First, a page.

Date of Graduation


Document Type


Degree Type



Eberly College of Arts and Sciences


Geology and Geography

Committee Chair

Timothy Carr.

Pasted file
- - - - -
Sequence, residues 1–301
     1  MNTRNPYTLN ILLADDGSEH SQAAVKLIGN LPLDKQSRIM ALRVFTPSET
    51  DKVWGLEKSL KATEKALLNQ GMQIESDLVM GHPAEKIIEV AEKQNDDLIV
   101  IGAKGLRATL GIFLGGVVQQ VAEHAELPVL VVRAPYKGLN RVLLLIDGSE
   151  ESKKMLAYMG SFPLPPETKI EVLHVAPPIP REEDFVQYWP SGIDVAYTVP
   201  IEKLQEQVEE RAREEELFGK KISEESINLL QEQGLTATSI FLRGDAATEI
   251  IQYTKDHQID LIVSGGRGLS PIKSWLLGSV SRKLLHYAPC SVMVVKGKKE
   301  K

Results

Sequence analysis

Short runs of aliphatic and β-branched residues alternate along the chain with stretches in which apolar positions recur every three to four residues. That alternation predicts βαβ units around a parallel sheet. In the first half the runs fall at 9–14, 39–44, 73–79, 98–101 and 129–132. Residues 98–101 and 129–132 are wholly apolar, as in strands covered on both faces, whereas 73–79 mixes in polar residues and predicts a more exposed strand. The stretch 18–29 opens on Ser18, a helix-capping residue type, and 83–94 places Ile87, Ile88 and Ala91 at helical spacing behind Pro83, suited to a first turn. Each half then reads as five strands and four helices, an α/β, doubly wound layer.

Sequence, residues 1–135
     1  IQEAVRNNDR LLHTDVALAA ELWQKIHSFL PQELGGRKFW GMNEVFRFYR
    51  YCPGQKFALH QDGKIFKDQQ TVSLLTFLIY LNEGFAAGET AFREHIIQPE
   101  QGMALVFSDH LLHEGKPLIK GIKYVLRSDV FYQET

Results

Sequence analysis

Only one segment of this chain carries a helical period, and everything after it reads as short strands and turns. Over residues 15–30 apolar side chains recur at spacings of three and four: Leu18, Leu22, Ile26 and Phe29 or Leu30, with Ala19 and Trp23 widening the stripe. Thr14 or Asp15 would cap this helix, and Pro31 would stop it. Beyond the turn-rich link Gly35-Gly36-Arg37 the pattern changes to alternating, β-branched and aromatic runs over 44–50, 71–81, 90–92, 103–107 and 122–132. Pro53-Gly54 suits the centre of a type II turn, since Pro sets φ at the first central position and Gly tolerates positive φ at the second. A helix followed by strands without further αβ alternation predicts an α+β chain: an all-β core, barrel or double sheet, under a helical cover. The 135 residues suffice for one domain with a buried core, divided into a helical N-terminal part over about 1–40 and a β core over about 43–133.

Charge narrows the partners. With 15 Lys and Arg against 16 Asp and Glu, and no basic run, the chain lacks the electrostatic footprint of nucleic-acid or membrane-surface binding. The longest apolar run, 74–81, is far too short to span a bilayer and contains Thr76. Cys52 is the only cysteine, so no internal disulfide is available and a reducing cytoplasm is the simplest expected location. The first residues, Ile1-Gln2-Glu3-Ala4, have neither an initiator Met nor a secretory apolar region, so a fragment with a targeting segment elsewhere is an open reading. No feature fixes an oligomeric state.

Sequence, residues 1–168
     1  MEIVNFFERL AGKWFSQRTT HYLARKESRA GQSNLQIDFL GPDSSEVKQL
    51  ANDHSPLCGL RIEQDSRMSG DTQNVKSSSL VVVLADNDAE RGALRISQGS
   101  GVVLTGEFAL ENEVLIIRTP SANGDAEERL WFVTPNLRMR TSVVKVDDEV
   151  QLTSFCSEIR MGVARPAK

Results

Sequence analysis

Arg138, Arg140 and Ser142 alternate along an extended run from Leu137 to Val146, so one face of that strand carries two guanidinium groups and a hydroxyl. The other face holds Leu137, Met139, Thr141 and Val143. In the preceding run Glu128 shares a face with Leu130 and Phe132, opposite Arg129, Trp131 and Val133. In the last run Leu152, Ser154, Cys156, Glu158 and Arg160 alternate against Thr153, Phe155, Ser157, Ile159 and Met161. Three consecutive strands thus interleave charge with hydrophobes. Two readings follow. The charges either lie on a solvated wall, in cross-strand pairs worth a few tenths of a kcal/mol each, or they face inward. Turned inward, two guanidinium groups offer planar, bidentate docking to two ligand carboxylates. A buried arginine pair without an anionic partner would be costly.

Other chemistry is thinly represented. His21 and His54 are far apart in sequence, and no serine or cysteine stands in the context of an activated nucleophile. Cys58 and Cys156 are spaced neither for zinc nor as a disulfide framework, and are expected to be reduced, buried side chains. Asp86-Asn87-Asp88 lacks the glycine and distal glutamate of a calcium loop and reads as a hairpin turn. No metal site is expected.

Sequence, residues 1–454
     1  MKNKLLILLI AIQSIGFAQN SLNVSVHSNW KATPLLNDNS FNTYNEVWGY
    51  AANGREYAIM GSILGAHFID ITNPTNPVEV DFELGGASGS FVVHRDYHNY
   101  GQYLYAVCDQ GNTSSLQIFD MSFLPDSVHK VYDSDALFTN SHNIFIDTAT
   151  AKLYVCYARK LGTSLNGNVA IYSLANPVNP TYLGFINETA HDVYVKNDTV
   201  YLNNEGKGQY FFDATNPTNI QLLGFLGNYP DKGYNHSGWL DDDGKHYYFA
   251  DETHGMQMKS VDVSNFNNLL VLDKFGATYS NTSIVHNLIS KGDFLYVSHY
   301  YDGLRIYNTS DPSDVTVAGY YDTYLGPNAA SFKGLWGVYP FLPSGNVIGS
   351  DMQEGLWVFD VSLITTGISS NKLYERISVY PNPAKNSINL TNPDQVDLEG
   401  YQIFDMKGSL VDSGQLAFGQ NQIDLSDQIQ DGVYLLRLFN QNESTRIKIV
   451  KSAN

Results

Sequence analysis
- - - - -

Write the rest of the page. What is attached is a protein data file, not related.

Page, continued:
The Oriskany Sandstone of the Appalachian basin is a widely distributed saline aquifer which has produced large quantities of hydrocarbons. Currently the Oriskany is host to numerous gas storage fields and is a potential target for large-scale geologic storage of CO2. Published and unpublished data of rock characteristics, pressure, temperature, and formation water geochemistry, along with new brine samples were integrated within a geographical information system to better understand the regional-scale hydrogeological regime and its relation to geologic CO2 sequestration potential. The up-dip flow of the Oriskany Sandstone formation waters is generally controlled by outcrops at high elevation to the east and at low elevation to the west, and opposed by increased salinity-induced buoyancy forces down-dip. The flow pattern is substantiated by the salinity distributions, with relatively lower salinity at recharge to the east and west due to mixing with fresh meteoric water and higher salinity at depth. The Oriskany is generally underpressured, which would aid in sequestering CO2 by lowering injection and displacement pressures. The geothermal gradient for the Appalachain basin, approximately 20°C/km, is lower than what is expected for cratonic rocks. This could lower the potential for and relative speed of CO2 migration. Large variations in brine geochemistry, temperature, and pressure will have a major influence on potential for long-term entrapment of CO2 in the Oriskany Sandstone.